Q: What can women who have experienced gestational diabetes do in the postpartum phase to protect their own health, and their infants’?
A: Many women who develop gestational diabetes see a dietitian or a diabetes educator to guide them in developing healthy habits during pregnancy. But what many women don’t realize is that it’s just as important to keep up with those healthy habits even after the baby is born.
For women who had gestational diabetes, it is important to get tested for diabetes 6-12 weeks after their baby is born, and at least every three years after that. Even after the baby is born, it is important for these women to reach and maintain a healthy weight by making healthy food choices, such as following an eating plan lower in fat and calories and high in fiber, and being active for at least 30 minutes, 5 days a week. Even if women with a history of gestational diabetes do not reach their “goal” weight, research shows that maintaining a healthy lifestyle can help lower their chances for developing diabetes in the future.
Like all mothers, women with gestational diabetes are encouraged to breastfeed their babies, if possible. Breastfeeding may help protect against childhood obesity, which is a risk factor for type 2 diabetes. For moms, breastfeeding can help them more quickly return to their pre-pregnancy weight.
Q: What can partners in health do to help?
A: Health care professionals can help raise awareness of the future health risks that having GDM places on both mother and child. Health care professionals can counsel women with a history of gestational diabetes about their future risk for developing diabetes and the healthy habits that can protect them and their child from developing obesity and type 2 diabetes. They should encourage their patients to be tested 6-12 weeks post-partum and at least every three years after that.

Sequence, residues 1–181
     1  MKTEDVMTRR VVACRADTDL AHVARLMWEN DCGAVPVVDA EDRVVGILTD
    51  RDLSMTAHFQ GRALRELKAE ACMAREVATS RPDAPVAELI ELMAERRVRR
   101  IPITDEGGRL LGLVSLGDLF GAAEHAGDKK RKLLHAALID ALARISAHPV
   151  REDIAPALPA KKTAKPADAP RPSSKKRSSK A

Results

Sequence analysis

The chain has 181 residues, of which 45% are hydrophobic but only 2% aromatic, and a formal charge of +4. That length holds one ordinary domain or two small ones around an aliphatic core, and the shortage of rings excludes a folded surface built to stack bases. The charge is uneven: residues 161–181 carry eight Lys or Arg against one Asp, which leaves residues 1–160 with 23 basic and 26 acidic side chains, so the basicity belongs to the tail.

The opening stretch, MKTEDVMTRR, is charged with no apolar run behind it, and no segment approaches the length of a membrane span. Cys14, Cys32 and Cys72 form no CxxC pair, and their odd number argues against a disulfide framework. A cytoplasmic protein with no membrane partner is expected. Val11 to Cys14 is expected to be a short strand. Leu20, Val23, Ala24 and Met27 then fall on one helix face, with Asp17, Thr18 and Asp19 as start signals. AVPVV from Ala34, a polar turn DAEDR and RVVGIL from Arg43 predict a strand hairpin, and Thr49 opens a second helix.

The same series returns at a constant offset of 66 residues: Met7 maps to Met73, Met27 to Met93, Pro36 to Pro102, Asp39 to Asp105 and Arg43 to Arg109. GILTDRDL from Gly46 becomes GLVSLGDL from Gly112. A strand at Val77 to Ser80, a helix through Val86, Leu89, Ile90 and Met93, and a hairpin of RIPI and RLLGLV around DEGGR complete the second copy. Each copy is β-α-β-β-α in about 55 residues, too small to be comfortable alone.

Health care professionals should also strongly encourage women with a history of gestational diabetes to continue the healthy habits they practiced during pregnancy and to continue to maintain a healthy lifestyle that will benefit the entire family. It’s important to remind the mom that just because the diabetes may “go away” after the baby is born, her risk for diabetes – and her baby’s risk for obesity and type 2 diabetes – doesn’t go away.
The National Diabetes Education Program, jointly sponsored by the NIH, the Centers for Disease Control and Prevention, with support from over 200 partner organizations, provides diabetes education to improve the treatment and outcomes for people with diabetes, promote early diagnosis, and prevent or delay the onset of diabetes. For more information, including “It’s Never Too Early …to Prevent Diabetes,” a free tip sheet for women with a history of gestational diabetes, call the NDEP at 1-888-693-NDEP (1-888-693-6337) or visit www.YourDiabetesInfo.org/GDM.